Palace of the Lenzi brothers , bread forms Michelozzi the late fifteenth century: a hidden courtyard
"An attribution that still open for the designer of the building called Lenzi-Quaratesi, overlooking the northern part of the square All Saints, to 'Prato' in Florence. Also called "Palace of the puzzles" for historiographical vicissitudes that have left open the authorship project. Mansion of the late fifteenth-century Florence, (around 1470) as soon as the beginning of the Laurentian period with a formal repertoire still saporosamente medieval or 'Late Gothic' with the position of the edge and the sound and cumbersome use of the jetties on the village of All Saints. The plaster facade and mullioned windows "tape" characterize it as a middle-class Florentine palace, distinguishable from the sought after buildings with courtyard and monumental facades entirely covered in stone strong. The transformations of late nineteenth century has been reconstructed nineteenth century historiography: from graffiti to new openings on the south side of the square. At this stage they attribute most of the alterations and imitations 'fashion' of the century façade. Profoundly altered the prospectus to Carraia Bridge by opening new portals style and modulations of the base section. A Monumental building but moderately 'medieval' at its plant in the volumetric and paginated facade. A building with a prime location because adjacent to the Church of All Saints, and invoked placement ever made by many private projects of the great Florentine bankers century. XV. For the dimensional characteristics of the vast lot and for its central location overlooking the Arno, it dominates the square and the urban scale of the neighborhood."
"The building dates from the late fifteenth century (as a tradition still supported by Federico Fantozzi he wanted by Filippo Brunelleschi for Busini), and has been altered several times between the eighteenth and nineteenth centuries, until it assumed the current configuration but where is exalted above all its Renaissance character, regardless of the period in which they were made the various portions and their decorations. Already Buini (last long confused with that of Busini generating the misunderstanding about the alleged paternity Brunelleschi), the palace became the property of Quaratesi in 1763 and, in the nineteenth century, used as a hotel (inn of Russia). Purchased in the last decades of the century by the Pisani family, it was restored by the antiquarian Luigi Pisani architect Luigi Del Moro (1885) and transformed into antique gallery, a radical redistribution of interior spaces. In 1908 he became the seat of the French Institute of the University of Grenoble, which promoted further work, especially to adapt the interior to the new function."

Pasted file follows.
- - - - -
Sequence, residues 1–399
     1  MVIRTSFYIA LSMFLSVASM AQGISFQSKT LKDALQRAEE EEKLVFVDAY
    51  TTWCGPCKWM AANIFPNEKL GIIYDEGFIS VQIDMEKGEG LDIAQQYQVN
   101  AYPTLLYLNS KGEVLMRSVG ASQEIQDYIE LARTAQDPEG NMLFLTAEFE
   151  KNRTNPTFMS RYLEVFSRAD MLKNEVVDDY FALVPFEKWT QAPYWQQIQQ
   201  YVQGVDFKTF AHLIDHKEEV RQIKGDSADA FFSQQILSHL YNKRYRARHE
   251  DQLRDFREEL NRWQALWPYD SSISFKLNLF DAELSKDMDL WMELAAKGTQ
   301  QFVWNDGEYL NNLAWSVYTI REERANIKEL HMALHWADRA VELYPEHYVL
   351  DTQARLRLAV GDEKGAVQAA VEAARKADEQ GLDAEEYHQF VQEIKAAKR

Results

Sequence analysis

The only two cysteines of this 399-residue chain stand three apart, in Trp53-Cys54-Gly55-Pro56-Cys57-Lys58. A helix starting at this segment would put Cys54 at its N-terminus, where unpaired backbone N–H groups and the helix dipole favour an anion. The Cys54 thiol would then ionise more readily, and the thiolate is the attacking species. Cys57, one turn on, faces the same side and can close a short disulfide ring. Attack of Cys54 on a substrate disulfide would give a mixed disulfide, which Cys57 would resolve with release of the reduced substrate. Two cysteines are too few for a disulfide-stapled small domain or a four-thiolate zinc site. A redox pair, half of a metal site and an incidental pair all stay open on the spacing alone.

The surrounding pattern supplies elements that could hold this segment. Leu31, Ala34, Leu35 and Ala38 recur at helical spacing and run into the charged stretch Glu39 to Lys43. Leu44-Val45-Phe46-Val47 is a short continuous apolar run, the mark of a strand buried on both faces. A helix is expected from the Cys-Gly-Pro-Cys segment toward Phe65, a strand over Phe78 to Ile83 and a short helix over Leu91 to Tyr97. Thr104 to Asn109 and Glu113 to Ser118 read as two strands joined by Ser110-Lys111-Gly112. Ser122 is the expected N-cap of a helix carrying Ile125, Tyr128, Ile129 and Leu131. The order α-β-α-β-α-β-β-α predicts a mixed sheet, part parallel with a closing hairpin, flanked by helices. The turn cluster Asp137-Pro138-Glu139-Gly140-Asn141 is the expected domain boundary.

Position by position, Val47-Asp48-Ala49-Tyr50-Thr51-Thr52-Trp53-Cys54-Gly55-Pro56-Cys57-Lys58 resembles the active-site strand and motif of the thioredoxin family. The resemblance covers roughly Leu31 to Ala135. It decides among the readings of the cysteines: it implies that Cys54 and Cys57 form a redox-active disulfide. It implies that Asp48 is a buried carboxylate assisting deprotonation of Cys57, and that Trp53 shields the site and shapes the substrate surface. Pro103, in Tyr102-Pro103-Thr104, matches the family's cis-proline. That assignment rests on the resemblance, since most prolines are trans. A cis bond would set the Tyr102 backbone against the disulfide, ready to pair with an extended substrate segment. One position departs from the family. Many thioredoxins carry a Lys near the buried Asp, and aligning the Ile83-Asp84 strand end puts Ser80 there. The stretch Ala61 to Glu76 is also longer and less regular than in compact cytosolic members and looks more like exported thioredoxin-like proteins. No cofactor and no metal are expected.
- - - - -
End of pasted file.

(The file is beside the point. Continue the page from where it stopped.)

tratto da 'Repertorio delle Architetture civili di Firenze' - C.Paolini.
"In 1950, with the purchase by the French Government, the facades were again affected by restoration in 1950 and 1965. The ground floor is particularly the most affected by the work the nineteenth century, as the original would be only the central door of the facing the square, while all other accesses, including the village of All Saints, were opened by replicating the shape and proportions of the model (picture of the building before these interventions there is returned by the sharp engraving by Giuseppe Zocchi 1744). Even the characteristic front of village of All Saints, featuring extruded still existing in ancient and later demolished, it was rebuilt during the restoration of the nineteenth century. More difficult to identify the steps to the upper floors perfectly plausible in the succession of simple arched windows (arched), which harmoniously divide the space between full and empty. As for graffiti long these have been traced back to the early sixteenth century and attributed to Andrea Felt, although it is easily sustainable as fronts present architecture from the beginning designed for a decoration of this type. In recent times and in a convincing way the decoration was rather backdated to 1494, hypothesizing a commission by Lorenzo Lenzi (Pecchioli)."
tratto da 'Repertorio delle Architetture civili di Firenze' - C.Paolini
"Also with regard to this review, there is however the problem of what is currently preserved original material: already fallen into disrepair in the eighteenth century were in fact covered by a preparation of plaster and brought to light in a state of extreme fragmentation in 1887, at the time of Pisani property. On the basis of the widest portions stored in the area under the eaves and in the vicinity of the corners, Peter Baldancoli arranged to recreate the entire decorative plant, with "uncanny accuracy" according to Guido Carocci, but necessarily with additions such as to consider what we see today as the work of all the nineteenth century, though depicting a supposedly original design. Of note as under the current work, revealed by some fallen plaster century."
tratto da' Repertorio delle Architetture civili di Firenze' - C.Paolini